The Drive out of Whistler, Crossing the Border

I left Whistler and took Highway 99 southwest towards Vancouver and the US Border. The exchange rate is in our benefit–$.76 C to $1 US, but even so, the cost of fuel was on average over $4 US/gallon. The people are welcoming and strangely familiar feeling. Even though they are not US citizens, they are North Americans, and consequently we have that American bond.

Unlike the drive into Whistler that came from narrow two-lane roads, the road out of Whistler was a fine four-lane highway. It was still curvy, but well-travelled. I felt safer. And the views driving through the mountains are still spectacular. My brain overflowed with scenic stimuli. Entering Vancouver felt like I had to learn how to drive in traffic again. For two weeks I had been in rural or mountain sparsely populated areas. The city driving was stimulation of a different sort. As I drove through Vancouver, I joined the Trans Canada Hwy 1 again for a short while, then the signs for the US Border crossing begin. I exited to Hwy 15, which was a funny four-lane road but not a freeway, it was like a side-street off the main freeway. I saw a couple signs for the Peace Park which I had heard of, and I wondered if I was on the wrong road. But Google said to keep going on 15, so I persevered. Then at a wide spot in the road there were yellow cones indicating where to enter the Port of Entry facility. It wasn’t very fancy, more industrial/functional looking (I think the Peace Park crossing on Hwy 99 is the nice crossing) and it didn’t look too busy, but it warned of a 20-minute delay.

US Port of Entry

The first booth I came to, the man looked at me, looked at my truck and asked me, “Who’s truck is this?”

I replied, “Mine.”

He said, “What were you doing in Canada? Where are you coming from?” as he took my passport. I told him I had been skiing. That I had entered at Estevan, skied Banff, Lake Louise, Revy, Whistler, driving the route. I spoke brightly, with an upbeat tenor—the usual response is positive, inquisitive, warm. Not from this guy. He just looked at me suspiciously.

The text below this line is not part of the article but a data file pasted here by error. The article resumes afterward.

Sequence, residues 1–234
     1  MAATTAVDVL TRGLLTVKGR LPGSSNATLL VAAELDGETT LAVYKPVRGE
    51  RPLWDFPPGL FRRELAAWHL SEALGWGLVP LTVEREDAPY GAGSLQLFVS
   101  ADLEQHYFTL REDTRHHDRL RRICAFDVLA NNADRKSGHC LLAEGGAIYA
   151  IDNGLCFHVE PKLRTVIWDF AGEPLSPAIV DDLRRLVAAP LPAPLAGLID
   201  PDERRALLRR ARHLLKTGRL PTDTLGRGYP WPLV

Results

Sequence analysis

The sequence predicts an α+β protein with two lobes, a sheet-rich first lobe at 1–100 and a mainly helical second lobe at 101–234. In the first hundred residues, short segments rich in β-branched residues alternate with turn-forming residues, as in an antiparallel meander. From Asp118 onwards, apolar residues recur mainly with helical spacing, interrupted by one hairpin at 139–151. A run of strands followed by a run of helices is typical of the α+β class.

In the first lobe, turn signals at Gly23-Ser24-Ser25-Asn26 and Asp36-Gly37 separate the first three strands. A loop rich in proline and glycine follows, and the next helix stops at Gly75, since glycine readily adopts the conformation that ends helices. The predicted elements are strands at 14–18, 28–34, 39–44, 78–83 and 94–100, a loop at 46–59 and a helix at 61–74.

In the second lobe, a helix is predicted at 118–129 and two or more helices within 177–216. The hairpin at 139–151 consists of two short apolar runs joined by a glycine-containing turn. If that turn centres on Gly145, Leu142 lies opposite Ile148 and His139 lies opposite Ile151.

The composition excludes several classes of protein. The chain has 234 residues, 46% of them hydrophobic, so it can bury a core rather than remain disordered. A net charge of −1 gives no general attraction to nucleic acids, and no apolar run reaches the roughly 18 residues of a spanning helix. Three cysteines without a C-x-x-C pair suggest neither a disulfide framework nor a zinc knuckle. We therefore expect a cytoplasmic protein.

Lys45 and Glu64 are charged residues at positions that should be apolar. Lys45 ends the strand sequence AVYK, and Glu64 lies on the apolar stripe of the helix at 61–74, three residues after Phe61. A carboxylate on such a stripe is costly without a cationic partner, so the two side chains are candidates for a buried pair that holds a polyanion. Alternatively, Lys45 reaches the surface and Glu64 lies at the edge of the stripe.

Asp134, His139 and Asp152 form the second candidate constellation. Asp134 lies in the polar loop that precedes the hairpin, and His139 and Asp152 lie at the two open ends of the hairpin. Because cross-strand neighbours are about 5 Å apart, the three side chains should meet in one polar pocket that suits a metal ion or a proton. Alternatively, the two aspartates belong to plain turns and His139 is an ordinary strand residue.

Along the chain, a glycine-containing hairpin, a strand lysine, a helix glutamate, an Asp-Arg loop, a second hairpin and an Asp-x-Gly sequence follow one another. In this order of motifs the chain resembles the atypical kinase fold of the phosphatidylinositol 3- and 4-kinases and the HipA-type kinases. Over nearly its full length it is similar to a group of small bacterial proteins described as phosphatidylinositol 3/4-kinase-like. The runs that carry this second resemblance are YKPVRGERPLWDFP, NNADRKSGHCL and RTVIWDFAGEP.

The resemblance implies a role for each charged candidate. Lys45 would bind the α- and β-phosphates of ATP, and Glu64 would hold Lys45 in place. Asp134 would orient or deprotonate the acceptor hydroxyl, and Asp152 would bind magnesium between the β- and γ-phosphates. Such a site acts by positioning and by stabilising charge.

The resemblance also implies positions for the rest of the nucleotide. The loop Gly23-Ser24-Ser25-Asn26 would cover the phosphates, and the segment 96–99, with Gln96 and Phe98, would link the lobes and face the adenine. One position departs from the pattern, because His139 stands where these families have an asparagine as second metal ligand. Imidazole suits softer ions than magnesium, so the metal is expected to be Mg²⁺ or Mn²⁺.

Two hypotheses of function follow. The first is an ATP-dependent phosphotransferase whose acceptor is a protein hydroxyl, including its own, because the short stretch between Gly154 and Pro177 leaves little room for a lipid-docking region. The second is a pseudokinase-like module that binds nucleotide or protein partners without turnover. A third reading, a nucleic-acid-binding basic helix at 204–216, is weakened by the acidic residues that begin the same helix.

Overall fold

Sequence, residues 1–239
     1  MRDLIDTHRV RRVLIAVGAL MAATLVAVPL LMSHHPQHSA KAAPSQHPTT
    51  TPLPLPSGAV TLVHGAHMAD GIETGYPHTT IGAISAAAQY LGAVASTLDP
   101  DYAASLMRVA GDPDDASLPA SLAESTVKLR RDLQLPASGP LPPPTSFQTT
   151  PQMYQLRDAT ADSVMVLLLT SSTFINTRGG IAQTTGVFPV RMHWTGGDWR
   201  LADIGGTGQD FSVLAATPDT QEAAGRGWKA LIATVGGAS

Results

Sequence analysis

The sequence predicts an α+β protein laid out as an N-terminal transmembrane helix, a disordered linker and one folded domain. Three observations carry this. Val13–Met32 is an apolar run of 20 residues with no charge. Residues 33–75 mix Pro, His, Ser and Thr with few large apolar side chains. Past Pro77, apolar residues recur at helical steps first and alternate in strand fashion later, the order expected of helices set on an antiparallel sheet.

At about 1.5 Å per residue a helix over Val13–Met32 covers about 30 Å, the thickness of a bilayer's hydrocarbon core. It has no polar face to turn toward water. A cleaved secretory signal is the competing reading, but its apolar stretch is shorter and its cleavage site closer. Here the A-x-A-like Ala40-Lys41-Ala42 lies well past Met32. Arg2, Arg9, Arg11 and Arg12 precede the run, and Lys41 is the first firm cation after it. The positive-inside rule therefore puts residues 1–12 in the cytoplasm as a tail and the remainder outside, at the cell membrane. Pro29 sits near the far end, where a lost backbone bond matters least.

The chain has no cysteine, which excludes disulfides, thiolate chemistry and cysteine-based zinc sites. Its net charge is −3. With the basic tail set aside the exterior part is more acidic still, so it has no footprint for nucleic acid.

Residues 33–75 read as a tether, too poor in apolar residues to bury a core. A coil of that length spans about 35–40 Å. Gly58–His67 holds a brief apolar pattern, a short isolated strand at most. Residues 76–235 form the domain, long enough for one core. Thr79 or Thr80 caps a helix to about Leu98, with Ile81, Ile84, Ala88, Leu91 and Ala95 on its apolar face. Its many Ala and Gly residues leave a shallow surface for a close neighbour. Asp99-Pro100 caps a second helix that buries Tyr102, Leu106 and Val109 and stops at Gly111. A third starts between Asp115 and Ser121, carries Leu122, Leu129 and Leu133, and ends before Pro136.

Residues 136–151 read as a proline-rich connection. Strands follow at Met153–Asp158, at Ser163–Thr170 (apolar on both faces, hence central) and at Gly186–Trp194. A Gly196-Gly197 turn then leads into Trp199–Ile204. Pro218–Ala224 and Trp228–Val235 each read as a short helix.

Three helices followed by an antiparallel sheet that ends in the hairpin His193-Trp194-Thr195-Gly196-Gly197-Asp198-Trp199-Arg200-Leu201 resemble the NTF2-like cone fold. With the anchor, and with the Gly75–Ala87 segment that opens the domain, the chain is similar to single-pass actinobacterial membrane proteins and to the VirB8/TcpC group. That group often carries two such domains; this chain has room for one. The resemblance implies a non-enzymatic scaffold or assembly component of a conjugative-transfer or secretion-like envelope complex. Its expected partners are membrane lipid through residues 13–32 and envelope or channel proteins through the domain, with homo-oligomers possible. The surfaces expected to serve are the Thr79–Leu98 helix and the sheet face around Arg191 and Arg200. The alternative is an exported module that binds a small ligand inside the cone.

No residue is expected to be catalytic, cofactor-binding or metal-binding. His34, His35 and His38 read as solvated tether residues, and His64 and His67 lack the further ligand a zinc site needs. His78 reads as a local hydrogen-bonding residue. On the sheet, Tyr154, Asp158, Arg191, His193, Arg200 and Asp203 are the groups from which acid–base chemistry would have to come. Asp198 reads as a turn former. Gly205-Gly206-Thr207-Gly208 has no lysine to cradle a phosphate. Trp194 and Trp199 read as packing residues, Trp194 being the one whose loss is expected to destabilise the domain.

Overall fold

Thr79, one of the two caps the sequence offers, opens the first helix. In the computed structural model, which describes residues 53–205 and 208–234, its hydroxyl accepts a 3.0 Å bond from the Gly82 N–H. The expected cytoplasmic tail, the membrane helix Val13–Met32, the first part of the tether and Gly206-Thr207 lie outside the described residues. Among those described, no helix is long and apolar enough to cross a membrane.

“Skiing?” he asked.

“Yes, sir,” I replied.

He said, “And you drove? From Minnesota?”

I began getting a little nervous. I had really expected to be waved through the post, or at most have them look at my passport. He asked for my license plate number.

I finally asked, “Why did you ask whose truck this is?”

He said, “Most people—even Canadians—don’t drive across the Rockies. It’s not common.” He then asked me what food I had. I told him I had an ice chest.  He poked around my ice chest and back seat then slapped a Post-It flag on my windshield and told me to go to the customs office where I would meet with an inspector.

At that precise moment I thanked my intuition not to bring an hand gun with me on this trip. Last year I had a 45mm Glock with me on my Ski Sojourn but frankly, the gun laws on how to transport a handgun are so strict in some states that getting to the gun in a crisis would have been pretty much impossible. I have a pink pepper spray cannister that was my nephew’s Xmas gift to me, and that actually makes me feel safer than a gun. It’s small, nimble, easy to use, and doesn’t have many steps involved to make it ready. And I realized I didn’t even know what the law was about carrying a gun into Canada. Whew, not bringing a handgun this year helped me dodge that bullet. But I still had to go into the Customs office.

I made my way to where several vehicles were parked and went into the Customs office. I wasn’t quite sure why they pulled me over, but I had a few bottles of wine, a bottle of Sake, eggs, butter, junk food, bananas, limes for the gin and tonic. I couldn’t think of any contraband that I might have squirreled away… (Really.)

I filled out some forms, and by luck of the draw, my inspector guy was from Fergus Falls, Minnesota!! He was so nice, and we had a normal chat about home. He took my keys, told me to wait in the waiting area, and he went out to my truck.

I saw him rummage around the cab and the truck bed. It took him about five minutes, but it felt like twenty. There were three other groups waiting with me. A family, a solo woman, a husband and wife, and me.

My Fergus Falls friend came back in and called me up to the counter. He had confiscated my limes and banana. He and I chatted about the road across the Canadian Rockies and how lucky I had been that the weather had been clear for my drive times. Then he said he had something for me—he went to his desk and came back with a little green four-leaf clover sticker that said, “Lucky”. He pulled off the backing and stuck it on my passport. Lucky indeed.

There is comfort in familiarity, and driving the US Interstate system is one of those truly comforting experiences. As strange as it seems, the US is home. It is part of who I am, and as wonderful and welcoming the Canadians were, it felt so good to be “home.”

I was headed to my sister’s in Elk Grove, CA, just south of Sacramento, but I wanted to detour to see a grand-niece in McMinnville, Oregon, so I still had a five-and-a-half-hour drive ahead of me. I thought of stopping in Seattle, but instead I just waved as I passed through, mentally greeting an old Stanford classmate, thinking of the year I took my mom when she was about 88 and met up with her lady-friends—all Hardin Japanese Americans who had moved to Seattle. It was a Marie Kondo moment—I wasn’t going to throw anything out, but I held those memories in my mind, thought about how they touched my heart, and then drove on, the front bumper pointed to the next dot on the map.

Welcome Home

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